Written by Puff Staff

Friday, 22 April 2011

User Rating: / 2

felipe gregoriofelipe gregorio pure corona
la sirenala sirena the prince

lasirenaWe are getting this weekend started on with a couple of new reviews. Let's see if the La Sirena The Prince and the Felipe Gregorio PURE Corona are worthy of a spot in your humidor.

La Sirena The Prince

La Sirena is a fairly new line from Miami Cigar & Company that was introduced in late 2010. La Sirena is Spanish for mermaid, and the mythical creature is what inspired the folks at Miami Cigar to create the smoke. Created to cater to more experienced smokers, La Sirena is the first full-bodied cigar from Miami Cigar to make its way onto shelves. Rene Castaneda, Miami Cigar's Vice President of Sales, had this to say about La Sirena in its official press release from last November: “We are very happy to finally have that full-bodied cigar in our portfolio. We have never produced a full-bodied cigar of out the My Father Cigars factory until now, I am very excited to finally enter this market.”

The Prince vitola of the La Sirena line measures 5 x 50. The line also has plenty of other sizes for you to choose from, including the 5 1/2 x 42 Sea Sprite, 5 1/2 x 52 Divine, 6 x 60 King Poseidon, and 7 x 50 Trident. The cigar's filler is a blend of Nicaraguan Criollo '98 an Nicaraguan Corojo '96 tobaccos. A dual binder is used that is made from Nicaraguan Habano and Nicaraguan Corojo tobaccos. Last, but not least, is the Connecticut Broadleaf wrapper. As mentioned in the introduction, the La Sirena line is listed as being full-bodied.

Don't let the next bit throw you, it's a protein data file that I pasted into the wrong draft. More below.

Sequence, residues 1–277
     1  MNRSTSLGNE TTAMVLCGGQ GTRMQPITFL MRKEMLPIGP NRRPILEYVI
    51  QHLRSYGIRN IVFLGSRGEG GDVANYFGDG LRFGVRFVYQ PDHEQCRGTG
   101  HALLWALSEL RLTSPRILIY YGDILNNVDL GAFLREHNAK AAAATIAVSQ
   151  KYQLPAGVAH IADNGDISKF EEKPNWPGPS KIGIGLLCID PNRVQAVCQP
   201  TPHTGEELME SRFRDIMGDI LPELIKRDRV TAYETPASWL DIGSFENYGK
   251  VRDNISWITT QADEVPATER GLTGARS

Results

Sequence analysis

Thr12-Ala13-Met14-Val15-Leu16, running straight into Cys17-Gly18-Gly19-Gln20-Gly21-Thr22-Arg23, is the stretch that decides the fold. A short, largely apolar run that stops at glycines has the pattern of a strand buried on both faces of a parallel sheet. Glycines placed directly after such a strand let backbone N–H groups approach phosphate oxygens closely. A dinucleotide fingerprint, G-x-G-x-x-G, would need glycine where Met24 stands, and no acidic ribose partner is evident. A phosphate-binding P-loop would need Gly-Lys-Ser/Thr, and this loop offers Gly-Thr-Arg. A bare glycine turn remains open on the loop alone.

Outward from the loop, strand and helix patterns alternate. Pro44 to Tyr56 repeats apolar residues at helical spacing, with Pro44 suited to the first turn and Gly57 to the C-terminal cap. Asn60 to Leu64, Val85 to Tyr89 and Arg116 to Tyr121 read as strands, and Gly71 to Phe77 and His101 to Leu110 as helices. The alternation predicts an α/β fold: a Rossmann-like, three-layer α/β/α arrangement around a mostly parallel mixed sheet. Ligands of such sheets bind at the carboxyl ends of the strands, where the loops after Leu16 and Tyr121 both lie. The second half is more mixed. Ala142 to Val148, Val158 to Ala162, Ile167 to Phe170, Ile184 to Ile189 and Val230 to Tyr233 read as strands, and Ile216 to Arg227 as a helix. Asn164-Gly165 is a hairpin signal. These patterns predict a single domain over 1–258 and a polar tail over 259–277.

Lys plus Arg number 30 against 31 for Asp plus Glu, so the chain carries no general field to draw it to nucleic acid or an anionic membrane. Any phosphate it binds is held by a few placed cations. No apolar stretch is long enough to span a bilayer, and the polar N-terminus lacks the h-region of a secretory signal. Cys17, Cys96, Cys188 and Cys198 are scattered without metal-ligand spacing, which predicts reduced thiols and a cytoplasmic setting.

Right off the bat, I cannot help but notice the very large and beautiful band that is smack dab in the middle of the Prince. It's the biggest band I have ever seen on a cigar, and it nearly covers the entire body. The La Sirena name is proudly displayed, as is a depiction of a mermaid. The red, blue, and gold used in the band are striking, as are the graphics. In terms of presentation, it does not get any better than this. Now that I've gone on long enough about the band, let's move on to the cigar itself. The Connecticut Broadleaf wrapper is quite dark. A few small veins are noticeable, and it has a rustic appearance. There is not much of an oily sheen. Feeling the cigar reveals zero soft spots. Overall, construction seems to be solid. Before striking The Prince with a match, it has an earthy aroma. The cold taste offers up hints of chocolate that have me bursting with anticipation.

Once lit, The Prince exhibits no real negatives in the burn department. The ash is gray and solid. The draw is just right. The burn stays even with the exception of one minor re-light. No big deal. The cigar also stays lit on its own without any help from the lighter.


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